Today’s Notable Young Professional is writer, producer, director and actress Sarah Michelle Brown, whose stage play ‘First Hand Woman’ hits New York City this month for its highly-anticipated debut. What was the inspiration behind the project? Find out in today’s profile…
Elevator Pitch: Describe your job in a nutshell.
I’m a multi-passionate artist who writes, produces, directs and acts in theatre and film. I have a stage play called First Hand Woman that is taking New York City by storm this month. It’s a journey of the soul, as a woman slowly comes to realize the truth of her relationship through five parts of herself – the rather rambunctious stages of loss. It’s a universally powerful story of heartache and healing that takes the characters and the audience through years of hard-earned life lessons in just 90 minutes.
Why did you start working at your company? What was the inspiration for this career route?
My company is me. From a very young age I was always putting on one show or another. Be it at school assemblies, at home or at the cottage. I don’t recall having a specific inspiration to do it. I just always loved it. However, I did have a detour through biochemistry. When I was a teenager, I’d become too shy, too introverted to get up in front of people, and I really stopped doing that kind of thing altogether. Instead, I went into science. But once I was immersed in my studies of amoebas and DNA, I just felt like something was missing. I ended up listening to my heart, with the full support of my parents, and left science and a four-year academic scholarship behind me.
I would say that the biggest influence on me getting back into the entertainment industry was a wonderful and dearly departed acting coach by the name of Jacqueline McClintock. She was a mentor, a friend and an astonishing artist in her own right. She strongly encouraged her students to create their own work and as a result the people who had the privilege of studying with her have gone on to do some extraordinary things. Meeting her changed my life. And as a consequence I dove back into the arts again.
What is the best part of what you do on a day-to-day basis? The most challenging part?
The best part of what I do every day is a difficult question to answer. For me, I live for when First Hand Woman went up; when I’m on set directing, when the project is alive. That’s the magic part: seeing an audience laugh and cry from something that I created! Yeah, that’s the absolute best feeling.
The most challenging part is probably funding. A mentor of mine once said, “Never put your own money into your projects.” And I truly believe that is solid advice. However, if I had waited until outside funding arrived to mount First Hand Woman, I’d still be waiting. So putting your own money into your projects and then living on a wing and a prayer (and lots of hard work) can be tough on the spirit in this industry.
As I told my dad: It’s a crazy field that I’m in. If you really go after the prize with all your heart, and you work really, really hard, and you’ve got a great project, MAYBE, you’ll “make it.” But, the flip side is, if you don’t go after it at all, you DEFINITELY won’t make it. Yep, that’s the arena of the arts.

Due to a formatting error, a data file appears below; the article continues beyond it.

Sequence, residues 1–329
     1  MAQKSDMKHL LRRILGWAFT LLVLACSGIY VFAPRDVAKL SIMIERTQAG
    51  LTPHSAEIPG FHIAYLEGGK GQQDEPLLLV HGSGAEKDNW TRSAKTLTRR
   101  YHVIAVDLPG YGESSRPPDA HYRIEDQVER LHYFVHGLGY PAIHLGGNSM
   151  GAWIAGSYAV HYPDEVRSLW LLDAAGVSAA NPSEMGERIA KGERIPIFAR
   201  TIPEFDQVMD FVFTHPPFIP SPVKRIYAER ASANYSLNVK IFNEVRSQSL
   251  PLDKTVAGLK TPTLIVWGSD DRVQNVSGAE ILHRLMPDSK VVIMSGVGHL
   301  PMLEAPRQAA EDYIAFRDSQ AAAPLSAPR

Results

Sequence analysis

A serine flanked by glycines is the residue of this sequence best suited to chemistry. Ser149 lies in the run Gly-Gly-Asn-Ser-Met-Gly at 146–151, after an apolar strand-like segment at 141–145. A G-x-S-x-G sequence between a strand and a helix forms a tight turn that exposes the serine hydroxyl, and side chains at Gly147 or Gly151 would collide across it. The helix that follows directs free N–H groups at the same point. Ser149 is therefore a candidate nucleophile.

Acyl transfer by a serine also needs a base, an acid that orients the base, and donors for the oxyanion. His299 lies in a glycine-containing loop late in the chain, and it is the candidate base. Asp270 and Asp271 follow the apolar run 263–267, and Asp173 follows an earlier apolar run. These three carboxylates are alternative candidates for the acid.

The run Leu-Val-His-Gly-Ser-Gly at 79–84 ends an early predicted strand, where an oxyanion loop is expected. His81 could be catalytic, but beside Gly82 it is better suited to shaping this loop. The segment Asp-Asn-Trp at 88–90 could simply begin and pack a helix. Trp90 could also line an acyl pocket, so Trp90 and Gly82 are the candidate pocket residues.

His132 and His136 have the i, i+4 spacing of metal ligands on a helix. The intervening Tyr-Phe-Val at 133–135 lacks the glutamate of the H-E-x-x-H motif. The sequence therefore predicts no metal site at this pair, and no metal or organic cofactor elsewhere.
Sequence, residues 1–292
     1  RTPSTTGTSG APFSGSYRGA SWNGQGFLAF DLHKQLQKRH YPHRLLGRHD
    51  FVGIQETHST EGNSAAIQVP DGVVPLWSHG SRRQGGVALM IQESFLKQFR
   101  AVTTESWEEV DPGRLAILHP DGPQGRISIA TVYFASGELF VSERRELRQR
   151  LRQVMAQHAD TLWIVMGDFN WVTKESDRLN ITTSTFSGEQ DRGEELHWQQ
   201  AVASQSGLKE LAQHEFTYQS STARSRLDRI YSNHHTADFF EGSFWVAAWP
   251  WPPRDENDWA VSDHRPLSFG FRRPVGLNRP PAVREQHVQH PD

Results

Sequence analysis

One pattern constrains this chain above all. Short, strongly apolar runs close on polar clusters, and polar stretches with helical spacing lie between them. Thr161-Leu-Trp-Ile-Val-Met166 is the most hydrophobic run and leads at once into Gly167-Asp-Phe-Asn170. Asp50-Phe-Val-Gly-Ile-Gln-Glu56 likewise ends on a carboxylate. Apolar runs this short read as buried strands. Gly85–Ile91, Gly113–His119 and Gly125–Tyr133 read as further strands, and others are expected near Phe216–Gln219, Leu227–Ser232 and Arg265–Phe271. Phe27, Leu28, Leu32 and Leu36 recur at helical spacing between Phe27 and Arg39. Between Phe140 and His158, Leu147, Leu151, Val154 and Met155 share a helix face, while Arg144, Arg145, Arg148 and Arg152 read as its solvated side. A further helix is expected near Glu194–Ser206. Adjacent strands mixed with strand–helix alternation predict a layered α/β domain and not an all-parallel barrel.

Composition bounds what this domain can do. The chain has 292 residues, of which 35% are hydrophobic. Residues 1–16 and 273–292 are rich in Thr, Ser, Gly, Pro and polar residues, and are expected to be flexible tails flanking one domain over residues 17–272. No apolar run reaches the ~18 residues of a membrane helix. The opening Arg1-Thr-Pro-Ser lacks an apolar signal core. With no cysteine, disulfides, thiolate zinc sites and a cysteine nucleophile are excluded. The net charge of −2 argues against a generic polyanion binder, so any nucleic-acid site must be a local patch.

Where do you see yourself in five years?
Now that’s a tough question. Looking down the road for me is always about dreaming big. So I would love for First Hand Woman to catch on like wildfire and take on a life of its own. I’ve had so many people from around the world ask when it would be arriving in their city, so it would be great to make that happen. I would absolutely love to take that show on the road, represent Canada and get people around the world fired up. Another goal? I’d like to direct longer-format films and split my time between the States and Canada (and Hawaii, why not?).
What does success look like to you?
Success to me happens when an audience member goes and makes positive changes in his/her life based on the impact of seeing First Hand Woman. That never ever gets old. If I could do that on a much larger scale, and have wonderful financial rewards for my efforts, I’d be even happier.
What is the most memorable milestone in your career?
My most memorable milestone is happening right now. Bringing First Hand Woman to New York City is an astonishing opportunity. When I first came up with the idea of the story nine years ago, I knew that at some point this show needed to have some sort of life in The Big Apple. So bringing it down to the New York International Fringe Festival is a giant deal for me. That, in and of itself, is my first really big dream come true.
Do you have any advice for other young professionals?
Persevere. Richard Pinter, an acting coach at The Neighborhood Playhouse, pronounced this to my class many moons ago. He said that most people get too depressed or too tired of the rejection and the financial lows that we face in this industry. He said that the most important thing was to persevere through those tough times. That piece of advice has come back to me several times over the years, especially when it came to First Hand Woman. I’ve persevered with this play and believe in it, and I’m so excited that my hard work is leading us to NYC.
Also, and this is a big one: Do what you love. That’s actually the most important thing. That is what will make long hours and difficult times worth it.
Do you support any charities? If so, which one(s) and why is that important to you?
I have supported Nellie’s in Toronto. It is a beautiful shelter for women and children. This is an important organization because it helps women to transition out of abusive relationships. I love that they give people a safe haven during a difficult time.
What to you is notable?
Self-expression. Having the courage to say what’s on your mind.
Blackberry, iPhone, Android, or Other?
iPhone all the way. I’ve been an Apple gal for over 20 years.